If a mouse or ES cell line is available carrying the exact allele from this allele detail page, a hyperlinked number will appear next to "Carrying this Mutation:" (#1). If other alleles of the same gene exist and are commercially available, another hyperlinked number will appear below, next to "Carrying any GeneSymbol Mutation:" (#2).
Available strains will be indicated including the full genotype (see
Strain Name for inbred background), state (live/embryo/sperm/ES cell line),
repository (provider, #3) and allele
details (#4). Confirm in the "Genes" and
"Alleles" columns (#4) that the strain
carries only (or all of) the mutations that are desired.
Once satisfied, you can find purchasing information (prices, timelines, MTAs) and place an order by clicking on the Order button (#3). For purchasing or strain specific questions, you can also contact the repository directly by using the purple envelope icon.
Query forms allow researchers to set parameters and retrieve gene (or other) lists that match a term or terms of interest. Query forms are organized by topic, and can be accessed either from the Search dropdown menu in the dark blue bar at the top of the page, or by selecting a topic from the list below the Quick Search on MGI's home page (#1). Clicking on Search will open a list with All Search Tools (#2) where you can see names and brief descriptions of the search tools available. Click on the hyperlinked query forms to open. Clicking on topic buttons will open a minihome landing page corresponding to that topic (#3). Minihome landing pages list relevant query forms (#4) as well as FAQ guides for common queries (#5).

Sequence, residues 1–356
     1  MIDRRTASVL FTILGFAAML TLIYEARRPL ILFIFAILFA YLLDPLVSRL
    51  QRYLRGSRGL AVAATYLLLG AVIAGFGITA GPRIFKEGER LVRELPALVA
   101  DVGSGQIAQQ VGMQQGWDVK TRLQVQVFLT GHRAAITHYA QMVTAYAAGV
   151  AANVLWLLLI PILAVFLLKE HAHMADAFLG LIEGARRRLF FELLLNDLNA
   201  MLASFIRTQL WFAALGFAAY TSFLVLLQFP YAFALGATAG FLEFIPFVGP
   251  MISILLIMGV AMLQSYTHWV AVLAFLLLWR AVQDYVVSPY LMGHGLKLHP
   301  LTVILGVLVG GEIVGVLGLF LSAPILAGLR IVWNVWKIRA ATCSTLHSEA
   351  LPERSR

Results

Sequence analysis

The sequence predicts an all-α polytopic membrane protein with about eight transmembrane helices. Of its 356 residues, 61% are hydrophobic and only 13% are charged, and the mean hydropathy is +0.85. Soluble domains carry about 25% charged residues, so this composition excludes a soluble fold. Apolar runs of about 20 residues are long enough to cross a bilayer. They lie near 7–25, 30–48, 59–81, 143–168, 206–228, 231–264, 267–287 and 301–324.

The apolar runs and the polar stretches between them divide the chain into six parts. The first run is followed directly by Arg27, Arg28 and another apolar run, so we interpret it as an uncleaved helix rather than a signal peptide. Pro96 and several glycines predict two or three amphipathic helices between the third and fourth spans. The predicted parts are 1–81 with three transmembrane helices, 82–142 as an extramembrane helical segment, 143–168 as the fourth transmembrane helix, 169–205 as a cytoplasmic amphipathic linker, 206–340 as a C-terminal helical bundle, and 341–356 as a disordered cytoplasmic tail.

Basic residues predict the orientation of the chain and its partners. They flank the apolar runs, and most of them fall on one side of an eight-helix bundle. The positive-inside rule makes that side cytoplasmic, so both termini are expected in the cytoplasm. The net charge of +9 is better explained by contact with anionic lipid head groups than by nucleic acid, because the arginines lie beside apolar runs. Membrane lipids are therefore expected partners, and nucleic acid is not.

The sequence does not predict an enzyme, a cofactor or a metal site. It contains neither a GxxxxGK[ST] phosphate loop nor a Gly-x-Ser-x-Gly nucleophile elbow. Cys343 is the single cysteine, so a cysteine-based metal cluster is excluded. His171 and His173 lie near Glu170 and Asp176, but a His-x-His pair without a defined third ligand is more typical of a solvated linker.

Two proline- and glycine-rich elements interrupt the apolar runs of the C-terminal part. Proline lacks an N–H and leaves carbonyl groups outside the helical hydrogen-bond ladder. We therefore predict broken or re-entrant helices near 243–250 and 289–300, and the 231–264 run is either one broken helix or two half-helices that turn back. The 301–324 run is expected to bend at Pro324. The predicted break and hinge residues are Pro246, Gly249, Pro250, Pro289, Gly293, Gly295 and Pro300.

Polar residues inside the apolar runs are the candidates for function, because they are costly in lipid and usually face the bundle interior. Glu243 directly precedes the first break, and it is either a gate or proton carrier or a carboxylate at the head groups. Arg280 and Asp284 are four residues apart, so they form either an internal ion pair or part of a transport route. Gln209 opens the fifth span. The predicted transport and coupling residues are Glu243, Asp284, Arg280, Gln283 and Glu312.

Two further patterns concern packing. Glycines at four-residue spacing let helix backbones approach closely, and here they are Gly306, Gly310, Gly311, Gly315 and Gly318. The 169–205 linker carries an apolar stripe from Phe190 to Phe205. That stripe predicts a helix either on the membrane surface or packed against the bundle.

Each query form allows you to specify what you are searching for, place constraints or parameters in order to tailor your search more effectively and choose options for results output. Each field in the query form is optional; leave fields blank to default to "all". Use the FAQ to walk through several examples of searches using query forms and to help choose the best form to answer your biological question. The FAQ index can also be accessed by following the link beneath the MGI logo in the header of all MGI web pages.On each query form, clicking the question mark icon in the top left of the page will generate a pop-up window with form-specific user documentation.